Prime Minister David Cameron has been warned by Taoiseach Enda Kenny that the historic visit by the Queen to the Republic could face a public backlash from some sectors of Irish society.
The Queen will be making the first Royal visit to the Irish Republic on May 17 — the same date on which 33 people were killed in loyalist bombings in Dublin and Monaghan in 1974.
Relatives of the dead have criticised the Government for failing to release files held by British intelligence — whom they suspect of involvement — on the bombings.
Mr Kenny raised the issue with Mr Cameron during his first official visit to 10 Downing Street yesterday.
“I reminded the Prime Minister that because the date of the arrival of the Queen coincides with the date of the Dublin and Monaghan bombings, that obviously there may be a small measure of protest arising from that,” he said.
There were no promises yesterday from Mr Cameron to release any of the secret intelligence files.
Mr Kenny spent around three-quarters-of-an-hour meeting Mr Cameron, who is due to accompany the Queen.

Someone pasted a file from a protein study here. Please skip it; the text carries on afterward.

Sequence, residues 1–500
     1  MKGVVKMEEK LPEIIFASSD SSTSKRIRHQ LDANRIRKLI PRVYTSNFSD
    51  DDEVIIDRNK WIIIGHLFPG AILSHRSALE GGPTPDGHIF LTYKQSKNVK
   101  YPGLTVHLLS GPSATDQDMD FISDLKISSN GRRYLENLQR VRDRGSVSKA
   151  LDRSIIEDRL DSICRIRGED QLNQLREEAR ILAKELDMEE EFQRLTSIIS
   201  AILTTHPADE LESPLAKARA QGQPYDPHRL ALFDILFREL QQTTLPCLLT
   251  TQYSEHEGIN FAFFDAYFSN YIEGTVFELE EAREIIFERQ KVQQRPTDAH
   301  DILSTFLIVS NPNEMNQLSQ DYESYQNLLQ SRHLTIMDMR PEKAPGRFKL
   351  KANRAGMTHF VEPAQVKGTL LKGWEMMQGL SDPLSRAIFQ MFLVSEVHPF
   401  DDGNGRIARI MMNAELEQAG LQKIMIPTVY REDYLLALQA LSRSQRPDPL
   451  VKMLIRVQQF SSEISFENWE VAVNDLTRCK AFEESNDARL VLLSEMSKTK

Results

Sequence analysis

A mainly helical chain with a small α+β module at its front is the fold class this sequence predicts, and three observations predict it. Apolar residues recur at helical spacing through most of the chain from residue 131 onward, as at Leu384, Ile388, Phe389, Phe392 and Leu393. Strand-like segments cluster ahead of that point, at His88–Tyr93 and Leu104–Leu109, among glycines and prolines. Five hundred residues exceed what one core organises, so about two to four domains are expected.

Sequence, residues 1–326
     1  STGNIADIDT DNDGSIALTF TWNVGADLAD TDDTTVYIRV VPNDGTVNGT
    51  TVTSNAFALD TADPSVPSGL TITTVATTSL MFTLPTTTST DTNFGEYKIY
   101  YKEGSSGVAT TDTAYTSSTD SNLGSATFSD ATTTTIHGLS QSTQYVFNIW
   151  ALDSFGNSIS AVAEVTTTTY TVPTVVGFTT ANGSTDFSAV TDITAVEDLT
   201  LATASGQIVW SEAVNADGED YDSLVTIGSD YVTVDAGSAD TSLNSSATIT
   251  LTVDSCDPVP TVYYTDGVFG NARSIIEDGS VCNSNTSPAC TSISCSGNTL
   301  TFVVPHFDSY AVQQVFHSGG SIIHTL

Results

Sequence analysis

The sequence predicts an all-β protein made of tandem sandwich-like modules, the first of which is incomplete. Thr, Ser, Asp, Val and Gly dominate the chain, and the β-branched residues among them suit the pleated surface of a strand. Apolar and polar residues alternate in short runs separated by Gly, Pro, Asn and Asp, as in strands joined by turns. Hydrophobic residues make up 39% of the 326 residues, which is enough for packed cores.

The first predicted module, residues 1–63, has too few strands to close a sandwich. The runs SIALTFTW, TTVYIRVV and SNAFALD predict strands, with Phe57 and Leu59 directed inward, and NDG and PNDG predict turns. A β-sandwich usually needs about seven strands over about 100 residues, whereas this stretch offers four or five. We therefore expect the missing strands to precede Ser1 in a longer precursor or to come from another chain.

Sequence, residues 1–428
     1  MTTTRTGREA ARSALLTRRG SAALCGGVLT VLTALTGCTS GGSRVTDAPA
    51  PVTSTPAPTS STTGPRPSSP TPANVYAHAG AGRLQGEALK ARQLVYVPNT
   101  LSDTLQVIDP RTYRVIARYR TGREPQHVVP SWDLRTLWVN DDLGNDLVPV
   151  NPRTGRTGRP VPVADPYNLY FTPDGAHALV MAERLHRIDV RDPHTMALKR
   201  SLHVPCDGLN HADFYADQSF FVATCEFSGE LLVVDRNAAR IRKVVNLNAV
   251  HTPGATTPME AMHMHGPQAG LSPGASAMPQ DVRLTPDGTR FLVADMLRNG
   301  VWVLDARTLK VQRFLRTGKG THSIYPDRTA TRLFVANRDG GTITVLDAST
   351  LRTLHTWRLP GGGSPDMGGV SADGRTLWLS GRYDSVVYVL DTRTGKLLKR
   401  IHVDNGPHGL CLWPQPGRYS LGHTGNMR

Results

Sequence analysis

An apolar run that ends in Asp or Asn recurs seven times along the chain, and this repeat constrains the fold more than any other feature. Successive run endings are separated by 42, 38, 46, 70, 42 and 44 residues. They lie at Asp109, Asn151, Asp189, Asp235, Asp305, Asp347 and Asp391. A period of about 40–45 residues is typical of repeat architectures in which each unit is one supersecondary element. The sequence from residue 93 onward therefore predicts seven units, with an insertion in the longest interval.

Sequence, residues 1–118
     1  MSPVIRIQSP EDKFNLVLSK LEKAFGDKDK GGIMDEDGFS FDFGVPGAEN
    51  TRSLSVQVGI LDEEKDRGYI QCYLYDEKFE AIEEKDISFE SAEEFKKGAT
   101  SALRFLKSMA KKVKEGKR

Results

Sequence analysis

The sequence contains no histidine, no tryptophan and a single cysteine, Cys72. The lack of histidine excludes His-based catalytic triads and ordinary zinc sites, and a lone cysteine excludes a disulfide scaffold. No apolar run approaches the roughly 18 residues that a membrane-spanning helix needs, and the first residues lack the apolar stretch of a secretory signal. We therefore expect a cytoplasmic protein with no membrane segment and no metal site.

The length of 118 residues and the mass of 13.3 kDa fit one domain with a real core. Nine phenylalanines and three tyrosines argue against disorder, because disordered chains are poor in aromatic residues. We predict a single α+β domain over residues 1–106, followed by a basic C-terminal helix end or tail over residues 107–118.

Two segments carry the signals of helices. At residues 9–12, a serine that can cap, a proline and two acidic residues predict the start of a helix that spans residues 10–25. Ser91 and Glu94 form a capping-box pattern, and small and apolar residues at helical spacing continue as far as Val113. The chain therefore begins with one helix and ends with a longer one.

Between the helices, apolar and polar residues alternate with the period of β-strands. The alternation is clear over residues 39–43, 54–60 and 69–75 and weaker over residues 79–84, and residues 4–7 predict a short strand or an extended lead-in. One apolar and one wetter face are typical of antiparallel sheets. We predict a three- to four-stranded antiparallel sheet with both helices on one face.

“I made the point that the vast majority of Irish people will welcome very warmly the Queen to Ireland,” he said.
The Queen is due to visit both the Garden of Remembrance — which commemorates the 1916
rebels — and the War Memorial Garden in Islandbridge — which commemorates the Irishmen who fought with the British Army in the First World War.
It is understood that the two premiers also discussed the murder of PSNI recruit Ronan Kerr.
The Catholic constable was murdered in a booby trap car bomb attack outside his home in Omagh, Tyrone, two weeks ago.
Northern Ireland Secretary of State Owen Paterson also expressed confidence about the Queen's visit after his first meeting with Irish Foreign Affairs Minister Eamon Gilmore in Dublin yesterday.
But he said he was realistic in expecting that a “small number” of people would protest against the British monarch’s visit.